We’ve all heard the phrase ‘ask, and you shall receive.’ However, when it comes to asking for a pay raise, most people struggle with how to ask, when to ask, and what to say. After all, it can be one of the most intimidating conversations in your career. For many, asking for a raise can be a stressful and anxiety-causing experience. When done right, some of the worry and fear can be reduced. With careful preparation and a good strategy, asking for a wage increase can be easier. Here are three tips to help you ask for a raise.
Do Your Research
Research the salary range for your job title, location, and company size. Then compare your skills and experience against it – you can use online tools like PayScale to help you find this information. Be sure to note though that this info is general and isn’t a guarantee what you see on the report is what you’re going to make. You can also learn more about average pay rates by researching people’s salaries in similar roles from sources like Glassdoor or Salary.com. You can also ask a recruiter, a peer, or an industry expert that you trust for information about pay ranges.
Take stock of your current skills, experiences, and accomplishments you gained since starting your job. Let your manager know what you’re most proud of, the skills you used, and how you’ve positively impacted the company. Also, think about ways to continue growing with the organization. Do you want new challenges? Are there other projects where you could make an even more significant impact? Show that you understand what is happening in the business and discuss ways to continue to grow within it.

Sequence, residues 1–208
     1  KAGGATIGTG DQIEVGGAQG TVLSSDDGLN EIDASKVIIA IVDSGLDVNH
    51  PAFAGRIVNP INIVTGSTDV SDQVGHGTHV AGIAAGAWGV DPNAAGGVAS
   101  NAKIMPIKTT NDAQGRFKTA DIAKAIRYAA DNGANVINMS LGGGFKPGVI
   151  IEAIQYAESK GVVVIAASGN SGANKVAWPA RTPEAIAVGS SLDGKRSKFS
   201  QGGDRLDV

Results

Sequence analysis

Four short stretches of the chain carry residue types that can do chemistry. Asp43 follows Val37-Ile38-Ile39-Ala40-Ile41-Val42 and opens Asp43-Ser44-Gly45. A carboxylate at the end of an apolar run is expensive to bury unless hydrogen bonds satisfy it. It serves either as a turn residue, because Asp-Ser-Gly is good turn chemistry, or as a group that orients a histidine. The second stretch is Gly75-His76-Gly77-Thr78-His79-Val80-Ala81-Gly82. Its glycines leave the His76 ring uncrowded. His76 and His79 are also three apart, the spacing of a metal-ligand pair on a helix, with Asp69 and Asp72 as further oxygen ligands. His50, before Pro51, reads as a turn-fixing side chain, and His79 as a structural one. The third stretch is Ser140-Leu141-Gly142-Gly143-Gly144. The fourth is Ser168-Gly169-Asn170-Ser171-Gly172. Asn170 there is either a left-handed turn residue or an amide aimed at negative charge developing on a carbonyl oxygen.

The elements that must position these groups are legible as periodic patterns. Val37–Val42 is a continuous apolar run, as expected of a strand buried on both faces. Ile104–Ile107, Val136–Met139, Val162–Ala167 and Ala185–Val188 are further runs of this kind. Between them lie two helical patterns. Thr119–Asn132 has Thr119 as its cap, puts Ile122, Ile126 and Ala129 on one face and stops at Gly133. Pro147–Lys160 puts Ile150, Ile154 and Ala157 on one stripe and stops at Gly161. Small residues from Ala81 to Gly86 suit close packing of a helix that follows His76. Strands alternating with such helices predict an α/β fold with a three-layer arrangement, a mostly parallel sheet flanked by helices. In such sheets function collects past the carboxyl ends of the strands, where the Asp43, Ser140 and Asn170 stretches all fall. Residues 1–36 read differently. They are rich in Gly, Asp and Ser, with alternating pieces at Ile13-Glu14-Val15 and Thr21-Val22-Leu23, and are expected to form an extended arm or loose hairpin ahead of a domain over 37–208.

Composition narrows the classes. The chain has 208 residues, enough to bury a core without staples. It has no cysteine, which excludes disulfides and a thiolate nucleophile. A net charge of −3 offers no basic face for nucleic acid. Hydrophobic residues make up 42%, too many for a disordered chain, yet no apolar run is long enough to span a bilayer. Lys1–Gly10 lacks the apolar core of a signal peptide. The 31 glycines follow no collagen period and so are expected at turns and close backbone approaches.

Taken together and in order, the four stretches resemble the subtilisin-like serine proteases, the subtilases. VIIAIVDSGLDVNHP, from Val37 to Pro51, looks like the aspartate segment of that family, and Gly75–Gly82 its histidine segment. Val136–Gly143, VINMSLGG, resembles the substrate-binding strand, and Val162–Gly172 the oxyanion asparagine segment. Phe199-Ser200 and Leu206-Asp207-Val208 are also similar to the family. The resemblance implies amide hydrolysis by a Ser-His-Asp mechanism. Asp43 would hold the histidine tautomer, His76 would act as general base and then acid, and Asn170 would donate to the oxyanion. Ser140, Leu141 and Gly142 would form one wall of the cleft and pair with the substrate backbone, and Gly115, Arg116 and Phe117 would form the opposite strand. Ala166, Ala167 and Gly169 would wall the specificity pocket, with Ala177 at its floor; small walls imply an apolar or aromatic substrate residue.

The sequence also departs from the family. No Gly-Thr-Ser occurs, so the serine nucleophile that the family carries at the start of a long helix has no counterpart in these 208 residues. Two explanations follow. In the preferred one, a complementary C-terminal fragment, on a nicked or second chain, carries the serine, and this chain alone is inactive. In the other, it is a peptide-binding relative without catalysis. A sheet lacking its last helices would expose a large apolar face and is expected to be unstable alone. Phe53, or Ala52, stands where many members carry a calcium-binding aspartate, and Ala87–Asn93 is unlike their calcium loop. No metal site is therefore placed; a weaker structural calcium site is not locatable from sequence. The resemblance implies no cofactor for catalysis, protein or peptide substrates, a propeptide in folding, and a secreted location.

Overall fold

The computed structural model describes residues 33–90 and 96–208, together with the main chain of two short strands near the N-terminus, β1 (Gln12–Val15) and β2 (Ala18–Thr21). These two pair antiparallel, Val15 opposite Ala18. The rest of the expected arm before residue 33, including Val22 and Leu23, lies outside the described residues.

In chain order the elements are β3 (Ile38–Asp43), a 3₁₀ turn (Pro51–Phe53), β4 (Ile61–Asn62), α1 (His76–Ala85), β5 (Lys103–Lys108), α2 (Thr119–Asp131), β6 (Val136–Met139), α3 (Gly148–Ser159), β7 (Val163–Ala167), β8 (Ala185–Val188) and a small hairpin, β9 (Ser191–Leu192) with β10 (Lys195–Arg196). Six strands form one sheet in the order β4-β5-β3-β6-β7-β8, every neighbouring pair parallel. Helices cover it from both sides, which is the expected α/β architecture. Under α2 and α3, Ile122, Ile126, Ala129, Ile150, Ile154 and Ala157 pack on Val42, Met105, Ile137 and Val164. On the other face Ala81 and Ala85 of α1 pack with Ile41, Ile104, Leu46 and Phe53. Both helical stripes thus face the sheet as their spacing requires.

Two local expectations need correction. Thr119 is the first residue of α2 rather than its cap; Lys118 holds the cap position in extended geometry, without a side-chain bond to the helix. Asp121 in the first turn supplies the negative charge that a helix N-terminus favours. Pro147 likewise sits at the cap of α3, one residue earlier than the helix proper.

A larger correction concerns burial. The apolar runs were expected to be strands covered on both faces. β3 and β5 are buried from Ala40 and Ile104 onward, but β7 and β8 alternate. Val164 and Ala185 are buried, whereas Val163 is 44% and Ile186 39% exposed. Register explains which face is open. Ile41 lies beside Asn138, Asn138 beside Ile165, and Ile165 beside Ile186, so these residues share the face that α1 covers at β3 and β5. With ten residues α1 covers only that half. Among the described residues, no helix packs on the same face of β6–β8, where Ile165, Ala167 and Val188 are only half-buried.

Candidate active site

Know When the Time is Right
If you’re thinking about asking for a pay raise, remember that timing is crucial. Most companies have some kind an annual review process. It’s a good idea to plan your request around this review process – especially if it’s before yearly budgets are approved. If you ask too early, it may be challenging to get your manager’s attention; if you ask too close to budgets closing, it may be too late to make changes. Although pay raises can typically happen during your annual performance review, it varies by company and industry.
If you don’t work in a company with a formal process for this, mention it to your manager whenever you achieve a notable milestone. If you’ve done a stellar job on a project, that’s a perfect time to negotiate.
Be Prepared for Alternatives
If your raise isn’t on the table, consider negotiating for other additional perks. Perhaps a bit more vacation time, a title change, improved equipment, flexible working hours, more opportunities to work from home, or more health benefits like funded fitness memberships. If you know your hard work and dedication are worthy of a raise, but your boss isn’t willing to work on goals or a plan with you, it might be time to look for a new job.
When it comes to asking for a pay raise, make sure you have a clear plan with your manager outlining how you can reach your desired salary. Acknowledge how much the organization has benefitted from your work and contributions. Before you ask, remember to do your research, choose the right time to talk, and be prepared to negotiate for other perks. If you know your value and continue to advocate for yourself, the rewards will come.
About EG Workforce Solutions
We’ve been in this business for decades and have developed a deep network of professional connections. Whether they’re companies looking for talent, job seekers looking for work, or an up-and-coming store in need of some temporary help, we know the right people to bridge the gap between the hiring and the hired.
But what’s more, we get to know people. From employers hiring to candidates looking, we take the time to listen and learn. We hear your likes, talents, and needs. We gain an understanding, and with it, we’re able to facilitate lasting relationships between businesses and people.Back to Blog Page